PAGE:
(or When did I lose my ability to decide where to eat without the whole planet’s input?)
As you navigate through this age of overloaded information, you’ll find that, by necessity, you will have to take shortcuts when it comes time to making decisions. If you use Yelp, Amazon, EBay, or any other service that features reviews given by people “just like you” then you probably have taken one of those shortcuts. You know what I’m talking about, ’cause just like me you’ve thought:
“I’ve never heard of The Steaming Burrito, but 92% of the reviewers say it’s the best, and so I shall dine there tonight!”*
For me, and maybe some of you, it’s become an addiction. Maybe addiction isn’t the right word. More like it has become so deeply integrated into my process that I won’t eat it, buy it, watch it, or hire it unless I can find something online that tells me it’s OK. Anonymous validation that if I want a steaming burrito, it’s gonna be good (and not overstuffed).
Crowd sourced information can help us make better decisions
If you are from the “When I was young our video games had 8-bits, one d-pad, and two buttons and we grateful to have it because our parents’ video games were rocks!” generation you’ll remember a time when you talked to actual people to get an opinion on a purchase, new restaurant, or movie. Well some of us did that, some of us who aren’t so good with the talking just found one thing we liked and stuck with it.
But even the most outgoing, know-everyone individual still had a limited pool of knowledge to draw from. We made lots of bad purchasing decisions. Case in point:
While people have been pondering the concept of the “Wisdom of the Crowd” for a long time (we’re talking more than 2000 years ago when Aristotle wrote about it), there hasn’t been a way for an individual to have near instantaneous access to the thoughts and opinions of huge amounts of people until fairly recently in human history.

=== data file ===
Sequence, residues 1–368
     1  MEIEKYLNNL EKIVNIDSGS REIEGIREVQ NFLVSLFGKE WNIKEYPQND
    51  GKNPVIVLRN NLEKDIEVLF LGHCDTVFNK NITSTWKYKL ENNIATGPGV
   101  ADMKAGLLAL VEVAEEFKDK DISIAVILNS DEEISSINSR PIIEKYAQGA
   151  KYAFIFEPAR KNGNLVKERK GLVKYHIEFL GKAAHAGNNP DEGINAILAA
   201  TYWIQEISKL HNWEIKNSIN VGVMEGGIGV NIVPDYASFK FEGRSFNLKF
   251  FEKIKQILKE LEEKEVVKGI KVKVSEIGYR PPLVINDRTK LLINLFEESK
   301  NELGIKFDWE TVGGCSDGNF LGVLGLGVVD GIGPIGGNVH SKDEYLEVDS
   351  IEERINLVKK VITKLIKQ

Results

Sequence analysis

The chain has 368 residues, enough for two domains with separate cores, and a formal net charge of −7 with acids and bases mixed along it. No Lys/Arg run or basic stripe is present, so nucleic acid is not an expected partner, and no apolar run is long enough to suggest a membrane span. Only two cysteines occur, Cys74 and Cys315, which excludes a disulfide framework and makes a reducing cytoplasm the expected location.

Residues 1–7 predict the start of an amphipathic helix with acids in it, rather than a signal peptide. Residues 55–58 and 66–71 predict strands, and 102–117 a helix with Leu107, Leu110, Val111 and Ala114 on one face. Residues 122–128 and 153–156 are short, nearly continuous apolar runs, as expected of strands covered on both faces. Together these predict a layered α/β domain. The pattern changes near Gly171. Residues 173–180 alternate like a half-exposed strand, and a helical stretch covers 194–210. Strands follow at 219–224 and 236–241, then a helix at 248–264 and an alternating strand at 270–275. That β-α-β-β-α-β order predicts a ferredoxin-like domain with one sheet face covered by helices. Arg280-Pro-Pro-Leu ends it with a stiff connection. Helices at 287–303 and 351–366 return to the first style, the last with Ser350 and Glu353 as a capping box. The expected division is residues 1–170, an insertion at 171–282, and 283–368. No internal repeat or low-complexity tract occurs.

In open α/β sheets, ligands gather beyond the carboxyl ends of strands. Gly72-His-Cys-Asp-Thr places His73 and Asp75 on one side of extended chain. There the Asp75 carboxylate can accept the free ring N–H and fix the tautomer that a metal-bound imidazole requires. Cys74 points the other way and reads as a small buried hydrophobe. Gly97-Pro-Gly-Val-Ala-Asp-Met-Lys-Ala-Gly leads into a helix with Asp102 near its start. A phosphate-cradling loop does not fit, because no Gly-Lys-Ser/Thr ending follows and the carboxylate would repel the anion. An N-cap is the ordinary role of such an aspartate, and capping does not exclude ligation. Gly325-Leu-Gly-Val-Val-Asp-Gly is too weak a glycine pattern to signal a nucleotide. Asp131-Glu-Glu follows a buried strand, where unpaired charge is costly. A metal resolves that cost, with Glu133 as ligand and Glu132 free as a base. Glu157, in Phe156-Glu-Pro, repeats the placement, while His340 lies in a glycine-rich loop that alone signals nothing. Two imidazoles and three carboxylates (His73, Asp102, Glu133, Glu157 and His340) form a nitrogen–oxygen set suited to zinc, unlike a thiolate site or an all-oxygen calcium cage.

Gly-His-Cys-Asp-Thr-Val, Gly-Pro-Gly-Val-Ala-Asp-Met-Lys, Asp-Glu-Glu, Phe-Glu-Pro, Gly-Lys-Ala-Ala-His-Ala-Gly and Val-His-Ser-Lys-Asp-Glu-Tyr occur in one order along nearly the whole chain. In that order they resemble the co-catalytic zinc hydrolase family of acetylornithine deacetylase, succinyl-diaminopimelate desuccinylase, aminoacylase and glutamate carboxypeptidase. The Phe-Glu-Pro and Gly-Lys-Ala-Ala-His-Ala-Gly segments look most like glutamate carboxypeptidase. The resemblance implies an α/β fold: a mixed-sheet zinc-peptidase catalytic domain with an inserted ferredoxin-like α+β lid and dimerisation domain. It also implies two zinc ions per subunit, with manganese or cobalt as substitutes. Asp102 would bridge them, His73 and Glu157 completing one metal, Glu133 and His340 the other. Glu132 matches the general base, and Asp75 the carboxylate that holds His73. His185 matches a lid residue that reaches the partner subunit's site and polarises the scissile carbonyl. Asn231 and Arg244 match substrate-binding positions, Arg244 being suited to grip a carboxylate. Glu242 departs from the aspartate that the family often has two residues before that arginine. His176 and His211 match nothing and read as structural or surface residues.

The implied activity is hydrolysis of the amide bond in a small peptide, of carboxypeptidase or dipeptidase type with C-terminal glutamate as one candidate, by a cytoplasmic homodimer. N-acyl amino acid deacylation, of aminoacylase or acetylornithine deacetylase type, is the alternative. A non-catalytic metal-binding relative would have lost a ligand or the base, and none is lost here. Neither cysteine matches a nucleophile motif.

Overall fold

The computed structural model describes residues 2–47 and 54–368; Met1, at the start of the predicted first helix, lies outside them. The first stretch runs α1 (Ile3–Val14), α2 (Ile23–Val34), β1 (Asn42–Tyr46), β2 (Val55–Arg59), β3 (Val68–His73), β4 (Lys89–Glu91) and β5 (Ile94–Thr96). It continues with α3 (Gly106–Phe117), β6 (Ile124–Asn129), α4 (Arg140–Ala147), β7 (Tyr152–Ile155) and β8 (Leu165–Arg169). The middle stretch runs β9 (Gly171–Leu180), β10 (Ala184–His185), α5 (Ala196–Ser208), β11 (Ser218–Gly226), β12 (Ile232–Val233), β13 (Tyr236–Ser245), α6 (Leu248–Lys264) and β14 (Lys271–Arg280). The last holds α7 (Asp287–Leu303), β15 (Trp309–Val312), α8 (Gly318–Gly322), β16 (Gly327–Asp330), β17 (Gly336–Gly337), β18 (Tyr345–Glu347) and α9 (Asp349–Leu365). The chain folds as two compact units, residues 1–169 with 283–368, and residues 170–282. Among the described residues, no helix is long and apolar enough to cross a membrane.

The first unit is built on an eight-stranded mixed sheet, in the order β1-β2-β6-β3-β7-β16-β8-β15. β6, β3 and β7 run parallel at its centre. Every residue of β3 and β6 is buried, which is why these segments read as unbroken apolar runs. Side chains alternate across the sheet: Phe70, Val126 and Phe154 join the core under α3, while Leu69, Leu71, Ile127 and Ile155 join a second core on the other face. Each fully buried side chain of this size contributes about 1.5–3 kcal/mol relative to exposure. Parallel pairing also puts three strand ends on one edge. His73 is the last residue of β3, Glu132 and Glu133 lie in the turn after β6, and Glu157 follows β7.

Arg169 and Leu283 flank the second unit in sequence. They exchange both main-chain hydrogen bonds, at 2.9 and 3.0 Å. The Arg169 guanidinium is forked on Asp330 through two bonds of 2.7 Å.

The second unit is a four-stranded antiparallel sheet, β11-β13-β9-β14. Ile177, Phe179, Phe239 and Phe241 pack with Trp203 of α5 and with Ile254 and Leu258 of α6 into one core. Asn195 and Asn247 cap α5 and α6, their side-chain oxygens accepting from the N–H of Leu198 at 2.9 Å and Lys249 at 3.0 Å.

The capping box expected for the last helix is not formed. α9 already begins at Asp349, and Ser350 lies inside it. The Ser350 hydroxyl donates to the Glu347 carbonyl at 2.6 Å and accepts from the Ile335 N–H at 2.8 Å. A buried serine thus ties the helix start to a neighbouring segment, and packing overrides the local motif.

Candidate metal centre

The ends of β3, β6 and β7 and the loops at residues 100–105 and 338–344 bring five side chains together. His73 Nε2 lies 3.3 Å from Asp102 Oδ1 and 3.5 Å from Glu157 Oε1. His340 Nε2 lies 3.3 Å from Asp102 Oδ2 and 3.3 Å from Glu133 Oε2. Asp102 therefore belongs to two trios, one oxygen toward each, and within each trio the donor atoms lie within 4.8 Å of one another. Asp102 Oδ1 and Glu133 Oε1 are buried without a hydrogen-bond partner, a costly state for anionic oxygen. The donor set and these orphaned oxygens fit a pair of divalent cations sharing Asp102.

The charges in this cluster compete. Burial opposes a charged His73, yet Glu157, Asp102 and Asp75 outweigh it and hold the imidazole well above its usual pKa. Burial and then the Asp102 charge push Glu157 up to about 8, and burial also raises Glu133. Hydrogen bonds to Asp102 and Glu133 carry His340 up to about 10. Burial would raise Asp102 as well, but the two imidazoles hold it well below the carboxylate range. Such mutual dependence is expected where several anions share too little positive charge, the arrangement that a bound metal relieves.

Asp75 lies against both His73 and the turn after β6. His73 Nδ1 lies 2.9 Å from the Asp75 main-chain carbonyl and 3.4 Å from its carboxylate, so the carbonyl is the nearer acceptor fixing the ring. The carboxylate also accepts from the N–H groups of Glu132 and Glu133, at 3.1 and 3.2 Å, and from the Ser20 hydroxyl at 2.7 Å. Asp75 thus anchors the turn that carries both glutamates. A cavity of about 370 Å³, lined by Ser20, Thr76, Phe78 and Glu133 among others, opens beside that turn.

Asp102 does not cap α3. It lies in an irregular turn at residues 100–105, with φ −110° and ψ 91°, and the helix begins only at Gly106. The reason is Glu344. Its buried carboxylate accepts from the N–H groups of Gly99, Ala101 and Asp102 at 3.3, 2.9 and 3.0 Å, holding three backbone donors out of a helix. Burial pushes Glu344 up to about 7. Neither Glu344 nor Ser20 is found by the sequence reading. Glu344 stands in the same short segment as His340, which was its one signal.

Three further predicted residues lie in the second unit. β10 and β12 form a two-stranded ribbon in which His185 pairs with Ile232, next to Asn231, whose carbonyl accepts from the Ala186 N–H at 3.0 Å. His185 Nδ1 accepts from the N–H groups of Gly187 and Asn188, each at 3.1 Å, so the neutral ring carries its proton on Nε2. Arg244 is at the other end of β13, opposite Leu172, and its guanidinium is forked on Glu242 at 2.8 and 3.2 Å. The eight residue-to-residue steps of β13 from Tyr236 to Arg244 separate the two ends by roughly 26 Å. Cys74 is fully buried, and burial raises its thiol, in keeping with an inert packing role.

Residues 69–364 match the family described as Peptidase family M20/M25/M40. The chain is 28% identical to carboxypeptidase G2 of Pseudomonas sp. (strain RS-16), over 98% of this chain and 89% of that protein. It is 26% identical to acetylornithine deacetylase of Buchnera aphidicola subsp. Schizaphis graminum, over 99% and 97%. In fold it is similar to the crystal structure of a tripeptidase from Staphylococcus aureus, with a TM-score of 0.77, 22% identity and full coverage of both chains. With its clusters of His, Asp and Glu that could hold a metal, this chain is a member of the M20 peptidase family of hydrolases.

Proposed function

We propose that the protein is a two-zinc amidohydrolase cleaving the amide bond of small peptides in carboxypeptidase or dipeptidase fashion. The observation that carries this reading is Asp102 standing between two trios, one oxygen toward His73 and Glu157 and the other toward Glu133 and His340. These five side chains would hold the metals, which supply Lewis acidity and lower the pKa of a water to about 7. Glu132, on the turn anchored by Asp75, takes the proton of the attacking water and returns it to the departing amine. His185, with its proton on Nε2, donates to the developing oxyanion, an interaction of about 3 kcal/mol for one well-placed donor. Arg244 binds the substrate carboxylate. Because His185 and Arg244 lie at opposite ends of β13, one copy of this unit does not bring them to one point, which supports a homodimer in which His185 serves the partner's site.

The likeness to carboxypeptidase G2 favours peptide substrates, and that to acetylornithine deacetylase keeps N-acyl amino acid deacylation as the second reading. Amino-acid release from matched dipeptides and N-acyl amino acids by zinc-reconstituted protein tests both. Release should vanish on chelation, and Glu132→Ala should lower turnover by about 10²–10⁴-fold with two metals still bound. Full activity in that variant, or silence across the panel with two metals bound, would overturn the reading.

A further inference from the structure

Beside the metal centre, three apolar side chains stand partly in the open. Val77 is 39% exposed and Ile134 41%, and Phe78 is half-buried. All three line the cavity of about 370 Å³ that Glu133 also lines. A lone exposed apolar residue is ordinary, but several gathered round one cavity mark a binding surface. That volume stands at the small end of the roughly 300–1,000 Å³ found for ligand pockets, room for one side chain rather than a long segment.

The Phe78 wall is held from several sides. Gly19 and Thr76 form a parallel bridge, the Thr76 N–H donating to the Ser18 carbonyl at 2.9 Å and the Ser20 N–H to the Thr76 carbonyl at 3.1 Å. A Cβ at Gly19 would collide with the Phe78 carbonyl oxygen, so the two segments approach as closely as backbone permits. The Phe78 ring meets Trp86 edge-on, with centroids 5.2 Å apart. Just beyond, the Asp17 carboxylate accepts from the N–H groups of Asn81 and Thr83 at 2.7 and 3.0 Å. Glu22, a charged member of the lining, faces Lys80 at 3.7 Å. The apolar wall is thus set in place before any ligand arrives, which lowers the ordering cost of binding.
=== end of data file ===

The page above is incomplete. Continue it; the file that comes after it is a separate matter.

Lior Zoref, showed us what can happen if we take the idea of crowd sourced thinking to the extreme back in 2012 when he gave the first ever crowdsourced TED talk. He recreated a classic example of guessing the weight of an OX by bringing a live ox on stage, the results are impressive.
So that settles it right? Evidence says turning to the crowd to make decisions is a good idea. I like good ideas. I like not having to expend mental energy on figuring out if I should spend my money on the latest mediocre remake of a mediocre movie from a time when I thought giant, sarcastic turtles that know karate were a good idea.
But…(and this time I’m not gonna flip it)
When we use online opinions we are borrowing anonymous trust
One of the benefits of the good ol’ days…or maybe just ol’ days, is that when we went and asked for an opinion from someone, we also had an existing relationship of trust with that individual. We wouldn’t have asked them in the first place if we didn’t put some weight into the validity of their response. That’s not to say, we don’t still ask our friends for advice, but that in many cases we have taken something that used to have an initial barrier of “Do I trust what this person will tell me?” and turned it into “Since lots of people have an opinion on this, it is equally (or more) valid than that of someone I know.”
We choose to seek out someone (anyone!) who already has built a trust with whomever we want to deal with so that we can minimize our risk. Once we find them, we can borrow their trust until we have some of our own. The more people we borrow from, the more confident we are that we have made a correct decision. And thanks to group feedback systems, there are now efficient means of borrowing huge amounts of trust: